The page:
Most dealerships obtain financing from a variety of sources. Dealers may have an operating line of credit from a local bank, multiple floor plan providers for wholegood purchases and direct financing from suppliers for equipment and/or parts. Normal finance documents include some type of security interest granted by the dealer to the lender. A dealer must pay particular attention to collateral descriptions when multiple financing sources are involved.

Financing documents also contain a list of breaches that constitute events of default. The list typically includes allowing a conflicting security interest in a lender’s collateral. Because the national floor plan providers and many equipment manufacturers over-reach on collateral descriptions, it is all too easy for a dealer to inadvertently commit an event of default on other loans including operating lines of credit. Each of the various financers has a legitimate interest in obtaining security for payment, but these interests must be managed to avoid conflict.


Competing Collateral Descriptions

The collateral descriptions contained in financing documents should differ according to the specific type of loan. Collateral that is appropriate to support an operating line of credit is different from a floor plan. Collateral descriptions vary according to the purpose of financing:

1. Blanket liens. These are appropriate for use in operating lines of credit. The collateral description typical includes “all” inventory, equipment, office furniture, accounts receivable, chattel paper, general intangibles and any other property interest, including insurance proceeds, that a dealer may own during the life of the loan. The security provided is generally the value of a dealership’s assets less the amounts subject to other financing such as purchase money security interests from floor plans or supplier financing.

2. Floor Plans. The collateral supporting floor plan loans should be limited to equipment actually being financed by the floor plan provider. All too often, however, floor plan providers will seek to include a blanket lien on all of a dealer’s assets. Another common form of over-reaching is maintaining a security interest in paid inventory.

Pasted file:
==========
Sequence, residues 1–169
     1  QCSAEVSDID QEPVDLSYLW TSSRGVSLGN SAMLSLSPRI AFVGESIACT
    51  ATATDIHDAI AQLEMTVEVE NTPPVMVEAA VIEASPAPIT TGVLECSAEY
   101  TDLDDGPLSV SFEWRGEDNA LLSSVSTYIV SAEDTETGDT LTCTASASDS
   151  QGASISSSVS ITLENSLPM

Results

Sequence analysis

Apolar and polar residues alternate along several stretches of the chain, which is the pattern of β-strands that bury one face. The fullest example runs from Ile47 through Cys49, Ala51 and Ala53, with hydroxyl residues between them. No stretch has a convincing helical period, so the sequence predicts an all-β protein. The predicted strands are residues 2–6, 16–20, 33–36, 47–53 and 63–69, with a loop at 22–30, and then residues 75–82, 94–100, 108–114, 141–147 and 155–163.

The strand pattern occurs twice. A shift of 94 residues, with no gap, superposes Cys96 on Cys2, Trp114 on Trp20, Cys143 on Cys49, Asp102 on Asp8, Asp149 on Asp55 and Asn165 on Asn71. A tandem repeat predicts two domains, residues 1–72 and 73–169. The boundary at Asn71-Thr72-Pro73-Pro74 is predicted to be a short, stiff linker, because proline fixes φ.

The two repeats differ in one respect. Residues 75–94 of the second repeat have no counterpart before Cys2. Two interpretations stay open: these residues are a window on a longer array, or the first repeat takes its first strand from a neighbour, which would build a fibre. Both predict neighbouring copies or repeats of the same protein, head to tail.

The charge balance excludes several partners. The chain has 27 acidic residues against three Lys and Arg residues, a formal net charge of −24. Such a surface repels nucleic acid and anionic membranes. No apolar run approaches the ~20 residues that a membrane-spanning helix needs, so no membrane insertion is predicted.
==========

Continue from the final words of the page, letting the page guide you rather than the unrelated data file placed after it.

3. Supplier Financing. Many dealers overlook this type of financing, but the vast majority of dealer agreements include a security interest. This is perfectly appropriate where the supplier provides some financing like selling repair parts on “net 30” terms or granting “cash discounts” for wholegoods paid for within 30 days. Suppliers usually limit security interests to products the supplier provides. A conflict can arise, however, when the collateral description does not account for paid inventory or seeks to maintain a security interest in any product manufactured by the supplier even equipment obtained from another source such as trade-ins.


Avoiding Defaults

The collateral description is like any other contract term – it can be negotiated between a dealer and the lender. Lenders generally do not want to put a dealer in a position of defaulting on another loan, because it puts the lender at a higher risk of non-payment. Lenders understand that their best chance of getting repaid is through continuing operations of the dealership and will work to avoid a default. Over-reaching lenders will not limit conflicts on their own, however, dealers must request changes.

The first step is to compare loan documents and outline competing security interests. If there is an overlap in collateral, the dealer should talk to the lender who provided the new agreement to limit collateral to a commercially reasonable description. Suppliers and floor plan providers do not need blanket liens. Likewise, documents that prohibit a security interest in paid inventory may restrict a dealer’s ability to draw on its line of credit. Collateral descriptions should match the purpose of the financing.


Subordination Agreements

Another tool available to manage conflicting collateral descriptions is subordination agreements. These are prepared on a case-by-case basis and are usually agreements between finance providers as to the priority of the security interests. For instance, a supplier that prohibits security interests in the supplier’s products even after they have been paid for may allow a competing security interest in paid inventory as to a specific lender, but not all lenders. Subordination agreements are not a one size fits all. There are a variety of types depending on the specific conflict to be resolved.



Dealers need to be proactive to avoid inadvertent events of default under the various financing documents that support a dealership. Every time a new dealer agreement, new floor plan agreement or new bank agreement is presented, a dealer should compare the collateral descriptions with other financing documents. If the same collateral is being used to support more than one loan, there is likely a problem that needs to be addressed by changing the collateral description. If a lender is unwilling to change the collateral description, then a subordination agreement may be considered. Barring some resolution of the conflict, the dealer may have no other choice than to switch to a different equipment supplier that offers commercially reasonable collateral descriptions.